Thus the Spirit of God moves upon our waters. By faith Peter walked upon the waters88; so we prevent occasions of temptation to sin, and sink not in them, but walk above them. By godly exercises we swim through waters; so the centurion commanded that they that could swim, should cast themselves into the sea87; men exercised in holiness, can meet a temptation, or tribulation in the face, and not be shaked with it; weaker men, men that cannot swim, must be more wary of exposing themselves to dangers of temptation; a court does some man no harm, when another finds temptation in a hermitage. By repentance we sail through waters; by the assistance of God's ordinances in his church, (which church is the ark) we attain the harbour, peace of conscience, after a sin; but this ark, this help of the church we must have. God can save from dangers, though a man went to sea without art, Sine rate, says the vulgate88, without a ship. But God would not that the work of his wisdom should be idle; God hath given man Prudentiam navifactivam, says our Holkot upon that place, and he would have that wisdom exercised. God can save without preaching, and absolution, and sacraments, but he would not have his ordinance neglected.

To end all with the end of all, death comes to us in the name, and notion of waters too, in the Scriptures. The widow of Tekoah said to David in the behalf of Absalom89, by the counsel of Joab, The water of death overflows all; We must needs die, says she, and are as water spilt upon the ground, which cannot be gathered up again: yet God devises means, that his banished, be not expelled from him. So the Spirit of God moves upon the face of these waters, the Spirit of life upon the danger of death. Consider the love, more than love, the study, more than study, the diligence of God; he devises means, that his banished, those

whom sins, or death had banished, be not expelled from him. I sinned upon the strength of my youth, and God devised a means to reclaim me, an enfeebling sickness. I relapsed after my recovery, and God devised a means, an irrecoverable, a helpless consumption to reclaim me; that affliction grew heavy upon me, and weighed me down even to a diffidence in God's mercy, and God devised a means, the comfort of the angel of his church, his minister, the comfort of the angel of the great council, the body and blood of his Son Christ Jesus, at my transmigration. Yet he lets his correction proceed to death; I do die of that sickness, and God devises a means, that I, though banished, banished into the grave, shall not be expelled from him, a glorious resurrection. We must needs die and be as water spilt upon the ground, but yet God devises means, that his banished shall not be expelled from him.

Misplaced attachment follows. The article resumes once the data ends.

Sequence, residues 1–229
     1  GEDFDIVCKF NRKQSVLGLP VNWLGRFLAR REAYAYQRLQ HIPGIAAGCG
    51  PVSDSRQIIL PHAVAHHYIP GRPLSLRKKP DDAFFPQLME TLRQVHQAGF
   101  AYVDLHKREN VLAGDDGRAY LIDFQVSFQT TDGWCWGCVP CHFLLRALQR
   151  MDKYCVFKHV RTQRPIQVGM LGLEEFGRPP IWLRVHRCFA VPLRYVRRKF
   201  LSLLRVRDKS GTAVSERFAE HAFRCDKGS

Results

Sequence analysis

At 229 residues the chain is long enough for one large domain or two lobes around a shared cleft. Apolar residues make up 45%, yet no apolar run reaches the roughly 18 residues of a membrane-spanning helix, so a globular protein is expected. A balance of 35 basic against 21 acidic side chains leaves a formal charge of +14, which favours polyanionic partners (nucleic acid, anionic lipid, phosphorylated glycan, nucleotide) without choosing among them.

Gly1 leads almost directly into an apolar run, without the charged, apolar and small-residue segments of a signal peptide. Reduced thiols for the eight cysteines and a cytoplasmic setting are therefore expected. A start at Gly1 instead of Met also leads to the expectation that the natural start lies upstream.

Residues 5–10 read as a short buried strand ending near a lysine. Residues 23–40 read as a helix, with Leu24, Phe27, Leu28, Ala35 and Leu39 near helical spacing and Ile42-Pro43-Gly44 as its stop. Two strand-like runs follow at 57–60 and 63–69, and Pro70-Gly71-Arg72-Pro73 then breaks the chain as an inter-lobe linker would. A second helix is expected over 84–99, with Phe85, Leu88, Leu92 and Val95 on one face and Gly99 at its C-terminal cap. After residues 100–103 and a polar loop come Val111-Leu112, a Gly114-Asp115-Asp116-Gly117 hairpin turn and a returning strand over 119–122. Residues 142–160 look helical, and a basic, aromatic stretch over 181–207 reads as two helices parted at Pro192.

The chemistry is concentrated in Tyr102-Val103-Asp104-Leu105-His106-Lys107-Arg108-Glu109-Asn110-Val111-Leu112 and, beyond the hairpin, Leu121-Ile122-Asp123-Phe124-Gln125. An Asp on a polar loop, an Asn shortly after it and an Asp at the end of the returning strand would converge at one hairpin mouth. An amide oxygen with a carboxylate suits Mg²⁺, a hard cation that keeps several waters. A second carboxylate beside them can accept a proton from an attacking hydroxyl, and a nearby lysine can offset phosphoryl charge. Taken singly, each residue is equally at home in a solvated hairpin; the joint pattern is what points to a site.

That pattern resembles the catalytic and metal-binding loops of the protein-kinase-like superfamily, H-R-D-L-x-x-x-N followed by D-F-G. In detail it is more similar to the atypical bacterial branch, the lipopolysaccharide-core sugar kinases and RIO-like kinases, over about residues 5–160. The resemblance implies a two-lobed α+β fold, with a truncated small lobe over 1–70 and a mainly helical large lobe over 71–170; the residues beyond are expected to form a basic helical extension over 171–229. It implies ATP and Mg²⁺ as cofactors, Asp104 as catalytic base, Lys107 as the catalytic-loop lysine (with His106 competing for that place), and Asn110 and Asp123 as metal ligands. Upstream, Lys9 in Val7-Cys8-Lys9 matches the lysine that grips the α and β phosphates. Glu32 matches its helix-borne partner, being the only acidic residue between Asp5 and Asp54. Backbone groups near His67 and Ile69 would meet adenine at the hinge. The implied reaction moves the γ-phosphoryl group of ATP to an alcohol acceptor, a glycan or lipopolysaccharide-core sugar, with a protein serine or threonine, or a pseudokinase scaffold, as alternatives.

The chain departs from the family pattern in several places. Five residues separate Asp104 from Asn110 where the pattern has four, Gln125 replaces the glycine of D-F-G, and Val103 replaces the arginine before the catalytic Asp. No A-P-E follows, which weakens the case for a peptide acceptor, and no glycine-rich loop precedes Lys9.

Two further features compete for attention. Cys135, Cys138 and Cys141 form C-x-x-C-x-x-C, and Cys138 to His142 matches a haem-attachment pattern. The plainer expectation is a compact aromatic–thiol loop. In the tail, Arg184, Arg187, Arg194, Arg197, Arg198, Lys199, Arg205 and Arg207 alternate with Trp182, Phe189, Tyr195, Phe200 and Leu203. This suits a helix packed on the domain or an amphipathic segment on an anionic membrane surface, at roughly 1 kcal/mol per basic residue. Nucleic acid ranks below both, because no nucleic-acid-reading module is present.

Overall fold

And this is the motion, and this is the rest of the Spirit of God upon those waters in this spiritual sense of these words, He brings us to a desire of baptism, he settles us in the sense of the obligation first, and then of the benefits of baptism. He suffers us to go into the way of temptations, (for coluber in via, and every calling hath particular temptations,) and then he settles us, by his preventing, or his subsequent grace. He moves, in submitting us to tribulation, he settles us in finding, that our tribulations do best of all conform us to Jiis Son Christ Jesus. He moves in removing us by the hand of death, and he settles us in an assurance, that it is he that now lets his servants depart in peace; and he, who, as he doth presently lay our souls in that safe cabinet, the bosom of Abraham, so he keeps an eye upon every grain, and atom of our dust, whither soever it be blown, and keeps a room at his own right hand for that body, when that shall be re-united in a blessed resurrection; and so The Spirit of God moved upon the face of the waters.

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Bethell, D.I)., Lord Bishop or Brechin, Rt. Kev. G. Gleig, D.D .,

Bishop of Bristol, Right Rev. R. Gray, D.D.,